Jake Richards, 9 Gough ChambersThis article argues that the suspension on prison visits during this period and the deficiency of measures to mitigate the impact of this on family life and to protect...
Two of the mother's children had died in infancy but a fact-finding hearing concluded that the mother was not responsible for their deaths, although she had neglected all three of her children. The surviving child was made subject to a care and placement order and during the proceedings a fourth child was born.
In proceedings concerning the youngest child all of the assessments of the mother were negative. She suffered from a learning disability and a personality disorder and was living in supported accommodation. While her life had become more settled there was still much concern about her history of relationships with men. The local authority submitted that the mother was vulnerable to abuse by men and that she lacked insight into the risk a child would be exposed to. The local authority now sought final care and placement orders.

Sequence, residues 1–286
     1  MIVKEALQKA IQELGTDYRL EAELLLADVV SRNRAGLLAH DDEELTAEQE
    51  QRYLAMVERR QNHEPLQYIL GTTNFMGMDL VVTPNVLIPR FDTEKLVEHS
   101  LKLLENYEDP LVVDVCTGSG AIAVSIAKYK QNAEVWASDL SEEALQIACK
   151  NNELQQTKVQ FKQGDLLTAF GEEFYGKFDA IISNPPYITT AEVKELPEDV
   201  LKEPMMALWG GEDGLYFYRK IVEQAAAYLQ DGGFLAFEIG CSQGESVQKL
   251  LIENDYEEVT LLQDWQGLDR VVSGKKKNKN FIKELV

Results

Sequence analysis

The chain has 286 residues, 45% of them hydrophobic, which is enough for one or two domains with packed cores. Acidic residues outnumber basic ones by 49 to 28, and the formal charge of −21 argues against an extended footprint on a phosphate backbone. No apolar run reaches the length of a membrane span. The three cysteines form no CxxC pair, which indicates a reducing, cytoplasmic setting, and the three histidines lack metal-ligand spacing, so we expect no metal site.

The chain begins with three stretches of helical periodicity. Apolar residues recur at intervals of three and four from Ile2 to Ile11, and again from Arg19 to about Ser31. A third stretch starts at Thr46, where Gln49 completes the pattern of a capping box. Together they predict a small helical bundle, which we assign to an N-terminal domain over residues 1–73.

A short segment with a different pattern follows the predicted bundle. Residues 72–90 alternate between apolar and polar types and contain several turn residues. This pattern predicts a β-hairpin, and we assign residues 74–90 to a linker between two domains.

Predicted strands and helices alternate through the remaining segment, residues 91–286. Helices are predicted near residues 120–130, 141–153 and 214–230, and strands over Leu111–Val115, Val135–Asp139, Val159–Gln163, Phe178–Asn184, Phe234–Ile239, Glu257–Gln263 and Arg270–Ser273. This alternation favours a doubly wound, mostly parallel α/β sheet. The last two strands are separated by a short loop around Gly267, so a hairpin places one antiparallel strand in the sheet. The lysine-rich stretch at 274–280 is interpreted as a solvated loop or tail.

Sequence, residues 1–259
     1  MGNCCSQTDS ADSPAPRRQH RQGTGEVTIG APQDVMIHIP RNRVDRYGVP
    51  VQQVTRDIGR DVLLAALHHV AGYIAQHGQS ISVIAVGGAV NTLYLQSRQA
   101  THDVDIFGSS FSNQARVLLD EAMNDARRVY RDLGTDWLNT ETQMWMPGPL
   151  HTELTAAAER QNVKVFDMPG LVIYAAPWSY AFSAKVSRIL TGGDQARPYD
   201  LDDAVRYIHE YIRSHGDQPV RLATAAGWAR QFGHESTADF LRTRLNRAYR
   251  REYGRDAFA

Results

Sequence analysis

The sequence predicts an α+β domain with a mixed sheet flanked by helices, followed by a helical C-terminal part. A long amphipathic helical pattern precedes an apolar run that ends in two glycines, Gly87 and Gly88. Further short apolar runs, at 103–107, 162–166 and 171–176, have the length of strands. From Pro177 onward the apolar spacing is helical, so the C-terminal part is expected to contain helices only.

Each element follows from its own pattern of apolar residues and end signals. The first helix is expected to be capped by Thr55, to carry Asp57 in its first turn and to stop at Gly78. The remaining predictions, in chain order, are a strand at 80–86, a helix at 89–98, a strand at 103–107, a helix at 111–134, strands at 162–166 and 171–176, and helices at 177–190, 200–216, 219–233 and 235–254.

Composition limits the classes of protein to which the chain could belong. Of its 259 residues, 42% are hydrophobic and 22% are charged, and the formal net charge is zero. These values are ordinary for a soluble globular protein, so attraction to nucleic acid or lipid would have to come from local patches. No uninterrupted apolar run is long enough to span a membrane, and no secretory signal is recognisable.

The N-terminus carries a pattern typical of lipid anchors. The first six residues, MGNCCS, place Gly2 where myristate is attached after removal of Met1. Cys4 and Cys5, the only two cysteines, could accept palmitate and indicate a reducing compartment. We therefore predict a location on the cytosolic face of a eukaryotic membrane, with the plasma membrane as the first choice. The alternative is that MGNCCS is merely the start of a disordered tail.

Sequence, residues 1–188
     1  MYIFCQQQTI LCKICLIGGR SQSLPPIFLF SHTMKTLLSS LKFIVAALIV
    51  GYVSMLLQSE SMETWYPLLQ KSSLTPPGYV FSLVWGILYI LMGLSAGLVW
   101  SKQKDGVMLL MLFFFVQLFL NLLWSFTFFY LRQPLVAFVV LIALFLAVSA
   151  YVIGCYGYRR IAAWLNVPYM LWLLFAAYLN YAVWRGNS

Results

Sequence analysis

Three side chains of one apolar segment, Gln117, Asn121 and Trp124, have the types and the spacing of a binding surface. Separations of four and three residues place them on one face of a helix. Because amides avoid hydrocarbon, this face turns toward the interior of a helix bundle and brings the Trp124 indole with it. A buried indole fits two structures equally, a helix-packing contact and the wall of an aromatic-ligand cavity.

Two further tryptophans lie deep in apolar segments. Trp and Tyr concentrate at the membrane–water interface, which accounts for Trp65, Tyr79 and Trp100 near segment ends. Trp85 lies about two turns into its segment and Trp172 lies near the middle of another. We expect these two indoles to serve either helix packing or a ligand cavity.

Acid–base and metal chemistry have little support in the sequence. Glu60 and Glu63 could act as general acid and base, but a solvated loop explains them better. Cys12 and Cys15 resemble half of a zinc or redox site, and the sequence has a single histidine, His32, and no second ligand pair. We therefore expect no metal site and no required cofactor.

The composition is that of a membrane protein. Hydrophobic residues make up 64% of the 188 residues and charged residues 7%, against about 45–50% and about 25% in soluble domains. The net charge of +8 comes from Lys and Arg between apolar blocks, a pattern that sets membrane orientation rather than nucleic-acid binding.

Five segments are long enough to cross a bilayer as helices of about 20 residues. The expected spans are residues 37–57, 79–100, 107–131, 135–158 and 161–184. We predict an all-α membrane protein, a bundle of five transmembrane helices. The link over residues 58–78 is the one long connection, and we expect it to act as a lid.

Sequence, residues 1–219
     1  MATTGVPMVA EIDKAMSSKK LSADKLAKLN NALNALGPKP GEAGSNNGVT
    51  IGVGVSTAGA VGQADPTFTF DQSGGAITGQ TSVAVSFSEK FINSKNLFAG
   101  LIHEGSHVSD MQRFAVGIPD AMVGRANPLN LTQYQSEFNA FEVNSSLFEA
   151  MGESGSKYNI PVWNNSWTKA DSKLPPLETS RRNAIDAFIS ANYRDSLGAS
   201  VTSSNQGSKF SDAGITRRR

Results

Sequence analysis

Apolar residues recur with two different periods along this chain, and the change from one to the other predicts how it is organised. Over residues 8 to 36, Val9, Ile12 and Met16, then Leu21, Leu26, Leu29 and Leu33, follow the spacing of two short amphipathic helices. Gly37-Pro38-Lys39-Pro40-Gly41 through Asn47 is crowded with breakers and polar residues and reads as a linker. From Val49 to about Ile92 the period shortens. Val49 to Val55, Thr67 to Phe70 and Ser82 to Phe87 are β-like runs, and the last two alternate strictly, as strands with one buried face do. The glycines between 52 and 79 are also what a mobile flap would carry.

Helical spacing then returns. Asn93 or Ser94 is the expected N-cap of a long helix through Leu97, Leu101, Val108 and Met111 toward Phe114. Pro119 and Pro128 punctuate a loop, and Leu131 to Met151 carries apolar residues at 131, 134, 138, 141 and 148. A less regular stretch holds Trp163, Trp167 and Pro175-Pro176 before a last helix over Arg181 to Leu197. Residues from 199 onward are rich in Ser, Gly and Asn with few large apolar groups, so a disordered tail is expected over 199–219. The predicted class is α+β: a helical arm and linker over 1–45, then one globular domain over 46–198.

In applying the balance sheet approach advocated by Re B  UKSC 33, Re B-S  EWCA Civ 1146 and Re W  EWCA Civ 1227, the judge considered the child's right to be brought up within her biological family and the progress the mother had made since the earlier proceedings, weighed against the comprehensive findings previously made against the mother and on the thorough capacity to change assessment. Having weighed all of the evidence the judge concluded that the child's welfare required him to make care and placement orders.